Try merging with the rain, or any other elements that feels like a challenge in the moment, and I promise you’ll feel differently. You won’t be outside of comfort, or care, anymore, but inside of it all.
:: Long Meg and her Daughters, Cumbria ::
For a few amazing minutes, I was the only one here. Amazing because just a few minutes afterwards, five cars rolled up one after another. I didn’t know what to expect from this circle nestled nearby the Lake District, but not this. This grandeur, the sweetness and the intactness. The large stones are peaceful and the people walk among them like the circle was a beloved park. I was there on a day when the sun was out, the breeze light and the birds signing. There is a distinct pleasantness to the entire scene, a happy day and a happy circle. Perhaps that’s why, I wonder, this circle was named for a mother and her daughters. It felt very much like the gladness of the many generations of women, sitting in a circle together. All of us were drawn to the sit down on the stones and sun ourselves in this gentle place of birth and return. Each of us in our peaceful picnic, happy as cows in the sunwarmed grass. A child laughed across the filed and a lab ran around in innocent joy of the day. Perhaps this is part of why these circles were created, so we continue to feel like the earth’s daughter’s, children in the field. We climb onto the stones like climbing into her lap and find the love that we thought we were missing, until this moment.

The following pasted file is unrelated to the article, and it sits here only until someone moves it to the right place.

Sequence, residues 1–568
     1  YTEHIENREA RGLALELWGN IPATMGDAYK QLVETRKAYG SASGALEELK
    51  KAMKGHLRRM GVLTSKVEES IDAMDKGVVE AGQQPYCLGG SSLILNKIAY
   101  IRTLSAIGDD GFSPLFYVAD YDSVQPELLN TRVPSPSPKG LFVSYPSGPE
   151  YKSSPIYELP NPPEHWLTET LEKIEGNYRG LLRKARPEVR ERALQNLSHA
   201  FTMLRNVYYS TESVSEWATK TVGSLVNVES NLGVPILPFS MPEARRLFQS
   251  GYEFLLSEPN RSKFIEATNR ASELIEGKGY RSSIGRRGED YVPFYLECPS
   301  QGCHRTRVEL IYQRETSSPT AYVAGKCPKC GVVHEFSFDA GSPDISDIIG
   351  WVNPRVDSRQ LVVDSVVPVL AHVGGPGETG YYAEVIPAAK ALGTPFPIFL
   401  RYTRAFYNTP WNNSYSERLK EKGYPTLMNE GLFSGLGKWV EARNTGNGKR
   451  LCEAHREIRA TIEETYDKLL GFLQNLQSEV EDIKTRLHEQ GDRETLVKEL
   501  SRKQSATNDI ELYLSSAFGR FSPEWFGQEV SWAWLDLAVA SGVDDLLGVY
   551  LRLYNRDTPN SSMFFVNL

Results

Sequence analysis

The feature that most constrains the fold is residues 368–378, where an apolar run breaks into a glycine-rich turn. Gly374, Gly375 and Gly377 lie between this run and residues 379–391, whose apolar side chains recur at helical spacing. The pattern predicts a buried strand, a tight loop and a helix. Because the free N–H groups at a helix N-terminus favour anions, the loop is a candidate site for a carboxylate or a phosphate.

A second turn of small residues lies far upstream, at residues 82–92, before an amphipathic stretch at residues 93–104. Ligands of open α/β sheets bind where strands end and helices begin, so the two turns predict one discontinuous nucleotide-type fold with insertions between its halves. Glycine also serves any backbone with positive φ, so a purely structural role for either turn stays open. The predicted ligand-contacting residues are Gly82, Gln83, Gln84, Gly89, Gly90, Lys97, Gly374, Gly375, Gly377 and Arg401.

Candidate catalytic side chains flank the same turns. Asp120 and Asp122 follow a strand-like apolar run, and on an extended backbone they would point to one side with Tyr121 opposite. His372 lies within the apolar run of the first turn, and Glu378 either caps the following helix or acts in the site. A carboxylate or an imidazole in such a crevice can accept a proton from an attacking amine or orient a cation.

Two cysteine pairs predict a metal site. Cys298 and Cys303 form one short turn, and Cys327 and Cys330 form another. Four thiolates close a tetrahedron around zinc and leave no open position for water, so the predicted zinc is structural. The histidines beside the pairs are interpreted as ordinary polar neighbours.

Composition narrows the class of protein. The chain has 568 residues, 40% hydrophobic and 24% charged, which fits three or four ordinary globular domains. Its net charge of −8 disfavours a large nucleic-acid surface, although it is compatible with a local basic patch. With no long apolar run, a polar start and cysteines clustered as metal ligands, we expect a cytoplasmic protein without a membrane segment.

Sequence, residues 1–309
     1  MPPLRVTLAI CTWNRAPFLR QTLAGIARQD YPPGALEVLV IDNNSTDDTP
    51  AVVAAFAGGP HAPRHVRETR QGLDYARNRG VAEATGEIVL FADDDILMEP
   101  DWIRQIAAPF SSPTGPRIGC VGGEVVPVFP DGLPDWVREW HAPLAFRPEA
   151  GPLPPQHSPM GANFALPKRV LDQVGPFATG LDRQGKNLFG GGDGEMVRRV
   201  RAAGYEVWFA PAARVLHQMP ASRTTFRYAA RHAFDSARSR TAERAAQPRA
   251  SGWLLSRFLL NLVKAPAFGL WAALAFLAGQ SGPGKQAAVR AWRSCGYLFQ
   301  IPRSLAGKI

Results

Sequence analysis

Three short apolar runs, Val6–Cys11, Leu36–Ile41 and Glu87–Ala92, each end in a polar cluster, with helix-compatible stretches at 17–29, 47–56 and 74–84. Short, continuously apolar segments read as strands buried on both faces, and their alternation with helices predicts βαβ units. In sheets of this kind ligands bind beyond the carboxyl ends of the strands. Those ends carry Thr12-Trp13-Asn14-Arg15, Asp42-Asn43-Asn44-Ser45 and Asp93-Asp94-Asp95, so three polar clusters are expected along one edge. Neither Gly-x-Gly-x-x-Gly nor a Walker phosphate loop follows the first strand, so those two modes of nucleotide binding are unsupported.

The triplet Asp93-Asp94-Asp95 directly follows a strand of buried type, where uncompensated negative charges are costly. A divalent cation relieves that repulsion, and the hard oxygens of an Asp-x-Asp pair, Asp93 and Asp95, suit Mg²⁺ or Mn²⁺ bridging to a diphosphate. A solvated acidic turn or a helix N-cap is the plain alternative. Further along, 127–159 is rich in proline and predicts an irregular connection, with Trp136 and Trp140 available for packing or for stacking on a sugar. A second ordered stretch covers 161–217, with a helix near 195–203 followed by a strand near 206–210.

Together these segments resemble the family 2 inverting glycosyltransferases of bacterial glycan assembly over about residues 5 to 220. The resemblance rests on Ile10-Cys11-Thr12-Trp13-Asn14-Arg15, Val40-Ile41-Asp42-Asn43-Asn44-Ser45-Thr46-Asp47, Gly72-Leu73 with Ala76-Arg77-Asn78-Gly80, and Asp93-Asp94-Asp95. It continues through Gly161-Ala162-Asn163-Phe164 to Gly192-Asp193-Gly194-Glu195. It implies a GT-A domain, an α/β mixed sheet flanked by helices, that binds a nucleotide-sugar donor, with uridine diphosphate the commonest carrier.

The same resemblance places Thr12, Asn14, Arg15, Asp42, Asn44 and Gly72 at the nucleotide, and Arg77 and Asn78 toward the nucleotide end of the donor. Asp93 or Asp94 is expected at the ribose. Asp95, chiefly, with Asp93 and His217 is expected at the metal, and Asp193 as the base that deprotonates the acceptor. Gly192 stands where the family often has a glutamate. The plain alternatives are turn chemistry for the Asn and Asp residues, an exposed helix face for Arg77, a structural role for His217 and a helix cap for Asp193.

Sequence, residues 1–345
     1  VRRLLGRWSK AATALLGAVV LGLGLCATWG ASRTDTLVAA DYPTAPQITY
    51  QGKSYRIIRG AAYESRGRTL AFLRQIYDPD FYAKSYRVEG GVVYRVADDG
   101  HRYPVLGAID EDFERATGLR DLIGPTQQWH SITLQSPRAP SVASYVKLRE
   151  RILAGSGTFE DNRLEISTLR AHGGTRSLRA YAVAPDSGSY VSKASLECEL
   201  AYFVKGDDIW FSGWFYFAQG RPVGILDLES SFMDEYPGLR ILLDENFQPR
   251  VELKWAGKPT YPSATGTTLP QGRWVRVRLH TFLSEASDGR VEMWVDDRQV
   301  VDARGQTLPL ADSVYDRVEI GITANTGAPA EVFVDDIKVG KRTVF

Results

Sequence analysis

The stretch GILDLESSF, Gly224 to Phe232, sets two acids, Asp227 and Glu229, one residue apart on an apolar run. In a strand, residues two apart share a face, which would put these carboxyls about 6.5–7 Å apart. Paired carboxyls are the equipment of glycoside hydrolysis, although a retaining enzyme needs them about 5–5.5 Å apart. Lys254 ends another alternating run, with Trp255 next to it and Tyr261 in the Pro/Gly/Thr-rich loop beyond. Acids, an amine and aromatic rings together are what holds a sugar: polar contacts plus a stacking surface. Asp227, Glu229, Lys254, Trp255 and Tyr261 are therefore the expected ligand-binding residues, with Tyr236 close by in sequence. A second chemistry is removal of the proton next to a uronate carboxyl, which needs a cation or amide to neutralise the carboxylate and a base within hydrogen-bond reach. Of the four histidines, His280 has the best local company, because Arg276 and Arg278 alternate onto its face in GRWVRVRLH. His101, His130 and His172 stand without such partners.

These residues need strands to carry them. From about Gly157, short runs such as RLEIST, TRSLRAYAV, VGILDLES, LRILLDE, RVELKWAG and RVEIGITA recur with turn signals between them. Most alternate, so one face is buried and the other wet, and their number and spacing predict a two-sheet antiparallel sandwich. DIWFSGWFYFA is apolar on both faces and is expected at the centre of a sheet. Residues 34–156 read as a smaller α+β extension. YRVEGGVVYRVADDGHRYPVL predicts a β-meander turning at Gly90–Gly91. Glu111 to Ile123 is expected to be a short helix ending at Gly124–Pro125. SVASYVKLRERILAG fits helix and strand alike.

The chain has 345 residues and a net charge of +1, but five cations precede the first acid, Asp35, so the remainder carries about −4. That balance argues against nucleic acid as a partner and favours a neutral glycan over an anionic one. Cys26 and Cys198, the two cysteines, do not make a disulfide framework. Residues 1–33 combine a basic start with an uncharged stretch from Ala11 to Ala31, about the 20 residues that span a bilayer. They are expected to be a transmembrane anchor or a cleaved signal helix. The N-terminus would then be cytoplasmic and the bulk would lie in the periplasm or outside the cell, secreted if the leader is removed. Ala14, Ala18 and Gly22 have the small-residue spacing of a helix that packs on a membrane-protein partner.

A five thousand-year-old labyrinth, still projecting its light
The book that wants to be written
When this dictate to begin these travels came in, it also arrived with a task… these travels don’t just want to be a personal experience, they want to become a book that will be shared with others to help them on their own journeys. (!) It has felt like a big leap to even approach this, but in sharing these posts I feel so heartened to begin. It’ll take a few years yet, but a guide to help others on their pilgrimages is on its way, and I thank you from the bottom of my heart for being on this trip with me.
Want more? Check out the next leg of my trip in Wales & Scotland